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Bachelor's Thesis

Application of data and process analysis techniques for the evaluation of agile university projects

Advisors

Philipp Dumbach (M.Sc.), An Ngyuen (M.Sc.), Prof. Dr. B. Eskofier

Duration

07/2020-12/2020

Abstract

SCRUM is the most widely used method in agile software development. Although it is nearly 20
years in use, SCRUM surely reached its most users in the last years [1, 2]. The frequency of use
alone makes it interesting for universities to teach students agile methods in software development.
The Machine Learning and Data Analytics Lab (MaD Lab) at the Friedrich-Alexander University
Erlangen-Nürnberg (FAU) works with a slightly modified version of SCRUM in their student
courses [3]. The work was tracked via Git, a version control system, and GitLab, a web-based
application to visualize and manage the overall development process using Git data. The students
documented their process using the GitLab Wiki.
This thesis is based on the insights from Alexander Aly’s master thesis Data Analysis and
Process Mining opportunities with Git and GitLab log data in agile university projects [4]. He
developed a tool called GitLab Analyser that visualizes the students’ activities over time using Git,
GitLab and its Wiki. The tool is meant to help project supervisors to detect possible problems in
the development process. Aly’s thesis revealed a total of 15 potential indicators which can be used
to determine the project grades. These indicators were set by its mean or median. Furthermore,
the GitLab Analyser can extract event logs of the developing process which can be analyzed in
detail in a Process Mining (PM) Tool like Disco or Celonis [4, 5]. Based on previous findings, this
bachelor thesis focuses on the following three research questions.
The first goal is to verify the selection of the indicators by follow-up experiments and by
checking the indicators using the GitLab Analyser with additional project data from FAU and
partner universities. In Aly’s thesis, there was less data available which made it difficult to create
quantitative evidence. This additional dataset will also be used to check the similarity of the
SCRUM processes used in the three university courses.
Another goal of this thesis is to evaluate whether the chosen features are best fitting. From
literature we can learn that methods for feature subset selection and correlation help to determine
an optimal feature set. For feature subset selection, filter and wrapper methods can be applied.
Feature Subset Selection also reveals the impact of a feature or a group of features on the analysis
result [6]. The Pearson correlation method can be used to detect dependencies between features.
With such a technique relationships between the indicators can be found out mathematically, and
it is possible to weight each indicator individually. Also, features which are not relevant for the
final grade or a good workflow are detected [6]. The impact of an indicator on the final result will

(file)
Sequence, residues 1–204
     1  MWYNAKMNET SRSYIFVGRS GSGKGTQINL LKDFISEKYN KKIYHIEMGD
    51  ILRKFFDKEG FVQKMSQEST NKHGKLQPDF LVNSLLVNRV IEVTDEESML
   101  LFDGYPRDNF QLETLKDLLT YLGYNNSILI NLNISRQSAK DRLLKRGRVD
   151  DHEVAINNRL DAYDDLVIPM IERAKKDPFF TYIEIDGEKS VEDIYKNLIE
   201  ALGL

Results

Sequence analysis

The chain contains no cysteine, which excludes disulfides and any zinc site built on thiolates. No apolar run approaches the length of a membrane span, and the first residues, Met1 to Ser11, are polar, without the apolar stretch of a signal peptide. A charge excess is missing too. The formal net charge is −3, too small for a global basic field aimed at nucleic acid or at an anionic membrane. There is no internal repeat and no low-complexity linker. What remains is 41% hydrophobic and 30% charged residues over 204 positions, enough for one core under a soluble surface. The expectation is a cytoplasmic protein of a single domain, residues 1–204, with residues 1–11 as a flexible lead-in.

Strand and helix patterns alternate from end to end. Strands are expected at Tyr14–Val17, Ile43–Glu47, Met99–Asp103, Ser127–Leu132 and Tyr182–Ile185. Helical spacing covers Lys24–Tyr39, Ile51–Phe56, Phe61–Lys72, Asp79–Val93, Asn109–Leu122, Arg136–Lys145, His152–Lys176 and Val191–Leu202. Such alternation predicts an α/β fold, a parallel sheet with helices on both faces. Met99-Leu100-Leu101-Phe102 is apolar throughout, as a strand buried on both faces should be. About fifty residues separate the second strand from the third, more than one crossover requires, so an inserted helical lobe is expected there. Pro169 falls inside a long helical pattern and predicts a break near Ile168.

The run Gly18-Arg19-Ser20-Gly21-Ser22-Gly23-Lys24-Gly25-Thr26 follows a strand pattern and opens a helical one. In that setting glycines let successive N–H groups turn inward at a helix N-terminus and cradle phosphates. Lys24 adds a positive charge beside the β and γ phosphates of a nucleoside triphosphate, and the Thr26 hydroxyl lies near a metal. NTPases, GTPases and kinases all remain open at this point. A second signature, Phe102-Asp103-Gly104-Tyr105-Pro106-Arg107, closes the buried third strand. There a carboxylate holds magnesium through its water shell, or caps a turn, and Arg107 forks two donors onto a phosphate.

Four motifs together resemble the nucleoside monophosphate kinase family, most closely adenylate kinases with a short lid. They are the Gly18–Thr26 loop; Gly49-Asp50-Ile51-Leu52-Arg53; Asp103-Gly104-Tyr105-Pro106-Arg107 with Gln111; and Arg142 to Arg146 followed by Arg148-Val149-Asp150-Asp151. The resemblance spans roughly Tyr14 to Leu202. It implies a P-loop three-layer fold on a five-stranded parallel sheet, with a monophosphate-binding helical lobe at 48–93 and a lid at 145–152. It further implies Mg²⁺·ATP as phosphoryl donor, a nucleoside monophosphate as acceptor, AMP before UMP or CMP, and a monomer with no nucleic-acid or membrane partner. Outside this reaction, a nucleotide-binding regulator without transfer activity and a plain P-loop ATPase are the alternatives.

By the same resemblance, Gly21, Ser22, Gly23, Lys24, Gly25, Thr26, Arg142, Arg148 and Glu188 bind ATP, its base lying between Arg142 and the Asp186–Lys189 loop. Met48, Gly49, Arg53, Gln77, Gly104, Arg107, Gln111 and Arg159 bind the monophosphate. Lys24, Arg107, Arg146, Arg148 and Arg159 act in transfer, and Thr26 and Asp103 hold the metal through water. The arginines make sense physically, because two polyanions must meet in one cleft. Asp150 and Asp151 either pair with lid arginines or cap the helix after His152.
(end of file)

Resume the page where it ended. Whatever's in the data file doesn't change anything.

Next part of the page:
be examined in this part of the thesis.
This thesis will be completed with a process mining analysis of the SCRUM workflow. Process
flows of good-graded groups will be compared with those with lower grades. So the ’optimal’
workflow can be derived and can be offered to new student groups as a kind of recommendation
working on their project [7]. This will be done by using a PM tool like Disco or Celonis. The
required data for the PM tool can be exported from the GitLab Analyser. With the help of these
results, it will be answered how a ’good’ workflow looks like and also how it differs from the
theoretical SCRUM process. The PM analyzing process will be well documented to provide an
easy guide for the supervisors, so that they can quickly find out bottlenecks and other workflow
problems for a single group.

 

References:

[1] Simschek, R. and Kaiser, F.: SCRUM: Das Erfolgsphänomen einfach erklärt. UVK Verlagsgesellschaft,
15–16, 2019.
[2] Schwaber, K.: Agiles Projektmanagement mit Scrum. Microsoft Press, 2007
[3] https://www.mad.tf.fau.de/teaching/innolab/#collapse_4, 26.06.2020
[4] Aly, A.: Data Analysis and Process Mining opportunities with Git and GitLab log data in
agile university projects. Master’s Thesis at Machine Learning & Data Analytics department
of Friedrich-Alexander-Univerity Erlangen-Nürnberg, 95–100, 2020
[5] Dumbach P., Aly A., Zrenner M., Eskofier B.: Exploration of Process Mining Opportunities
In Educational Software Engineering – The GitLab Analyser. 13th International Conference
on Educational Data Mining (Ifrane, Morocco (Fully Virtual Conference), 10. July 2020 –
13. July 2020). In: Anna N. Rafferty, Jacob Whitehill, Cristobal Romero, Violetta Cavalli-
Sforza (ed.): Proceedings of the 13th International Conference on Educational Data Mining
2020.
[6] Guyon, I. and Elisseeff, A.: An Introduction to Variable and Feature Selection. Journal of
Machine Learning Research 3, 1157–1182, 2003
[7] van der Aalst, W.: Process Mining. Springer-Verlag, 43–44, 2016